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COMPARISON OF NESPRESSO ORIGINALLINE AND VERTUOLINE

Single-serve coffee pods and the machines that use them only seem like a new phenomenon. The Nespresso, however, is 39 years old. First introduced in Switzerland in 1976, it took some time to catch on. Nespresso SA would be founded as a Nestle subsidiary in 1986, with machines and coffee pods hitting the Swiss market in force by 1989, followed by the French and American markets in 1991. The early Nespresso system was boxy and utilitarian, but the Concept machine of 2001, followed by the Essenza in 2004, introduced Nespresso in the form the public knows today. In the decade since, the number of machines and the coffees available for them has grown, as has the company’s share of the market. That’s partly thanks to the explosion of the single-serve market, as well as the machines’ design, which fuses modernist class with reliable function.

Through an OEM manufacturer, Nespresso produces several OriginalLine machines. These include the Essenza, CitiZ, U, Inissia, and Pixie. Two machines are also made in partnership with outside vendors DeLonghi (the Lattissima) and KitchenAid.

2014 would see more changes for Nespresso as the VertuoLine debuted in the North American market. When this happened, the first-generation Nespresso machines were christened the OriginalLine. The VertuoLine was designed to offer more serving options, especially to consumers who tend to like larger servings of coffee. Like the OriginalLine, the VertuoLine promises convenience for busy coffee drinkers. However, the name and portion sizes weren’t the only differences between the machines

Both series of Nespresso machines share a similar retro-futuristic aesthetic that seems classically European. But for all the similarities — Art Deco-inspired ornamentation, gorgeous curves, and intuitive control surfaces — the machines have one key difference. The OriginalLine’s European-ness is emphasized not only in its lines, but in its size; these are machines with a small footprint that won’t be an intrusion in places where space is at a premium. In contrast, the VertuoLine is roughly the same size as a Keurig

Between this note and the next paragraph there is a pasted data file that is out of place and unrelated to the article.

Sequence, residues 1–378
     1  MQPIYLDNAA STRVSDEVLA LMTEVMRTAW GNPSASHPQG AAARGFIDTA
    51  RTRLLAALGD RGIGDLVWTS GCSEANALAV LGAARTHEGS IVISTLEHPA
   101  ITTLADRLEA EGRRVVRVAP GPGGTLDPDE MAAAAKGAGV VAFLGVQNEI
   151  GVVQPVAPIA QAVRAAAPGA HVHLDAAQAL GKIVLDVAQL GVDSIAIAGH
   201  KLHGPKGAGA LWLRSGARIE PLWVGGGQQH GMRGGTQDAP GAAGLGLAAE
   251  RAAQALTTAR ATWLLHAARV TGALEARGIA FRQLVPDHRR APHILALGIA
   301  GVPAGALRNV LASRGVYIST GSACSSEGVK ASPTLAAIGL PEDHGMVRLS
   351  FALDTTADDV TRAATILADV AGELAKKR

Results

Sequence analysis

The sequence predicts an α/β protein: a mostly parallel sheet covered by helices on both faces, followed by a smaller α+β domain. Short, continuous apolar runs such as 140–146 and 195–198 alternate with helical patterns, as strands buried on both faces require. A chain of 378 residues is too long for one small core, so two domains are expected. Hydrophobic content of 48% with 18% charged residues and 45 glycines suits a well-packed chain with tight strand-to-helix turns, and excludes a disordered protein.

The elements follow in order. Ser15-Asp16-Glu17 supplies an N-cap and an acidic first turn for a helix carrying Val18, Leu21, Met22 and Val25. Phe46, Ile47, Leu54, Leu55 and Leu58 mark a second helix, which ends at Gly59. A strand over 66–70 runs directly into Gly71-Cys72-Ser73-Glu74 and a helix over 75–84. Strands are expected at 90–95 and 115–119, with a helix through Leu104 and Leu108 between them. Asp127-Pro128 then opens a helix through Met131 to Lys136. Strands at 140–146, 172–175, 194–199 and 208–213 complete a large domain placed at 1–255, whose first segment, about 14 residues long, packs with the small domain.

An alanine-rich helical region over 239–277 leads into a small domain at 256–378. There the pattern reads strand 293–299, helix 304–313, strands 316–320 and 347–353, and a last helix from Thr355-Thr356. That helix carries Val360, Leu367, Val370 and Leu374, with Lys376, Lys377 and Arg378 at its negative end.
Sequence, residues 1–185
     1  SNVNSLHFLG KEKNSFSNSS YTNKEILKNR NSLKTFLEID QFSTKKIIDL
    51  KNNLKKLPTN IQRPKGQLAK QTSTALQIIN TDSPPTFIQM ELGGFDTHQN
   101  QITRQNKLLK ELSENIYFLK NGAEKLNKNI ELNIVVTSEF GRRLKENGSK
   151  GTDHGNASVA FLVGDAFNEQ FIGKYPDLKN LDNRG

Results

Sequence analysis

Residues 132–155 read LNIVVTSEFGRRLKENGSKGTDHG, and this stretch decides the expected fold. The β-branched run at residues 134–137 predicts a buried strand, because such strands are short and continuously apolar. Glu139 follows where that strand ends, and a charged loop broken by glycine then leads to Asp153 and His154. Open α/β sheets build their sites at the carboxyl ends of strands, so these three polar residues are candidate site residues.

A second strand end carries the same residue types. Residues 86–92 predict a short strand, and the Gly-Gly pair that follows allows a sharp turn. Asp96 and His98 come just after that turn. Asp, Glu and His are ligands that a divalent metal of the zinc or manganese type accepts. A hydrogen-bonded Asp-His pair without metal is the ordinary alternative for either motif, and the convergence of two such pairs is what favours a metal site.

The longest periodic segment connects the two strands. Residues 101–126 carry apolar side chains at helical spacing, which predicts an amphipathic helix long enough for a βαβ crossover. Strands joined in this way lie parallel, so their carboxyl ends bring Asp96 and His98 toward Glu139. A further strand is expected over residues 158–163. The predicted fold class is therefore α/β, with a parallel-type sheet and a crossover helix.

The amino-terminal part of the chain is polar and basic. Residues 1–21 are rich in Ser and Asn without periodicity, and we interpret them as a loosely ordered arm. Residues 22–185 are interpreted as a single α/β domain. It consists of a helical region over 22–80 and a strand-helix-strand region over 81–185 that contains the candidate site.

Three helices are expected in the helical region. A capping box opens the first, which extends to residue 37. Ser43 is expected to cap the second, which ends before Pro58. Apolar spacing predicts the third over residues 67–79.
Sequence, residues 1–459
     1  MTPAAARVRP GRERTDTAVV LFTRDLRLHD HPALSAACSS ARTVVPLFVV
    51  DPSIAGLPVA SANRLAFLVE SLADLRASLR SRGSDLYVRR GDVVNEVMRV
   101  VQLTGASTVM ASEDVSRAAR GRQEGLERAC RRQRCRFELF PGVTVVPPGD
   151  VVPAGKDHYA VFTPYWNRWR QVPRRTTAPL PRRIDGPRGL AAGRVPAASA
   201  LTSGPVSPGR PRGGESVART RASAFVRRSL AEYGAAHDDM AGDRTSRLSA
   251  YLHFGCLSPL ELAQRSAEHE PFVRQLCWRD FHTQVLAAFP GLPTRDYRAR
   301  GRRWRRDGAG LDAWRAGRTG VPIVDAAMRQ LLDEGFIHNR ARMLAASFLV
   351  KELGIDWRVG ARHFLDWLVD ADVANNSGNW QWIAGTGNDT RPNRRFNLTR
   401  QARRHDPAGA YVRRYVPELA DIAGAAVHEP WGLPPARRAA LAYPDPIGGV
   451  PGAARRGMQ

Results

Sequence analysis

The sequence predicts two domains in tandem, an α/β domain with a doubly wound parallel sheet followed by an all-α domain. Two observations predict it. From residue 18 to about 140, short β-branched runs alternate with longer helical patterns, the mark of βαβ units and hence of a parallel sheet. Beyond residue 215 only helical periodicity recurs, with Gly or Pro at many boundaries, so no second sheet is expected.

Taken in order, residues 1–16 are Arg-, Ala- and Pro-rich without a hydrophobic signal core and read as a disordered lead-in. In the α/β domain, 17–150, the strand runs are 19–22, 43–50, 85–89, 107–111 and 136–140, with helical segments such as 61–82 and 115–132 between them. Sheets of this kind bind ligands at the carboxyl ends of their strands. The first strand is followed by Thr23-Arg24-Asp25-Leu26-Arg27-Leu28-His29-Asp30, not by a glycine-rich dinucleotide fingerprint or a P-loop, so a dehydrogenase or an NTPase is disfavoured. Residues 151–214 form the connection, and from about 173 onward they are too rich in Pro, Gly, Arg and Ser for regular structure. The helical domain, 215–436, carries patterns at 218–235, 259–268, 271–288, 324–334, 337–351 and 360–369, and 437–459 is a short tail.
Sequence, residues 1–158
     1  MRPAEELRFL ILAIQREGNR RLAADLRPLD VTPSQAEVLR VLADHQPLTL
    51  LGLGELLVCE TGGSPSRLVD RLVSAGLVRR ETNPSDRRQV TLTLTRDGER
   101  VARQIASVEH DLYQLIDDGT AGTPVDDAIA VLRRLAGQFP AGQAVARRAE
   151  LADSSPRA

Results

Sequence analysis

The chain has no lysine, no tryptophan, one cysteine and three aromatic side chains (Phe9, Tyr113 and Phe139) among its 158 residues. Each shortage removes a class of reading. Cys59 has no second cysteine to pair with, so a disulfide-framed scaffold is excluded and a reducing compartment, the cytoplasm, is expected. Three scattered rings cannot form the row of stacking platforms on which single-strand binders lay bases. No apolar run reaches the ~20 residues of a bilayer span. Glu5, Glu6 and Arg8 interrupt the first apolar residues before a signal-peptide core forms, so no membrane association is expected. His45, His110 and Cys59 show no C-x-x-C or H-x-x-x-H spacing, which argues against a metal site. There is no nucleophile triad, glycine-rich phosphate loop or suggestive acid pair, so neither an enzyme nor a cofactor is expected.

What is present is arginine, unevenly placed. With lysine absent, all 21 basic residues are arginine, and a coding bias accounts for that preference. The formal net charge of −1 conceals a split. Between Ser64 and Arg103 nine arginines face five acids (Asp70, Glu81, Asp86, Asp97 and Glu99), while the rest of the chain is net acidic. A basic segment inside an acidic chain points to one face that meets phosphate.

Like Keurig’s 2.0 machines, the VertuoLine incorporates a layer of DRM into their capsules. Each one includes a barcode that tells the machine the kind and volume of coffee it’s brewing. The Vertuoline also incorporates a centrifuge that spins the capsule as it brews, a proecess that the company has named Centrifusion. The added step adds time to the process, but also gives the appearance of a more pronounced crema and a slightly higher volume of espresso.

That’s a bit misleading, however, since the Original Line’s crema is closer to a traditional espresso crema (a result of the higher-pressure brew process), while the Vertuoline’s crema shares a bit more in common with a milk frother (many users have remarked on the crema’s foaminess with the Vertuoline).

The OriginalLine works in much the same way that a conventional espresso maker would, minus the measuring and tamping; namely, apply pressure and hot water to finely ground coffee. Result: espresso. The VertuoLine substitutes centrifugal force for pressure, and also significantly lowers the water temperature. Result: well, read on.

If you’re familiar with coffee making, and especially with espresso, you may well have
read the last paragraph and thought, “Wouldn’t a lower temperature and pressure lead to lowered extraction?” You would be correct.

We recently tried a VertuoLine and OriginalLine machine head to head. Our taste test bears out several reviewers’ complaints. While we were happy with the results we got from the OriginalLine, the espresso from the VertuoLine tasted underextracted, and was lukewarm and decidedly weaker. In theory, the centifugal force of the Centrifusion process would be an adequate replacement for the pressure applied by a traditional espresso maker, or by the OriginalLine. In practice, however, it’s a poor substitution.

The Nespresso Inissia espresso maker, bundled with an Aeroccino Plus milk frother currently retails for about $150.00. Granted, the Inissia isn’t the top of the OriginalLine, but it performs respectably; it’s also, as of this writing, half the retail price of the VertuoLine (even the popular-yet-more-expensive OriginalLine Pixie is significantly cheaper). Factor in the higher cost of capsules and the fact that there are no third-party alternatives available and the cost inches up farther still.

While Keurig gets most of the press in the single-serve coffee space, Nespresso significantly predates Keurig. On a number of factors — not least of these a wider selection of coffee pods, the ability to recycle the pods and, most importantly, taste — the OriginalLine series of Nespresso machines also comes out on top. If Nespresso was going to follow Keurig’s lead, many customers would rather they hadn’t followed the lead of making a machine that limits customers’ options
while delivering a noticeably diminished cup of coffee. Our advice? Barring a major and surprising improvement in the VertuoLine, stick to the OriginalLine if your money and the taste of your coffee matter to you.

For another take, here’s a video review from our friends at Aromacup.com, comparing the Nespresso Vertuoline versus the Nespresso Lattissima Plus

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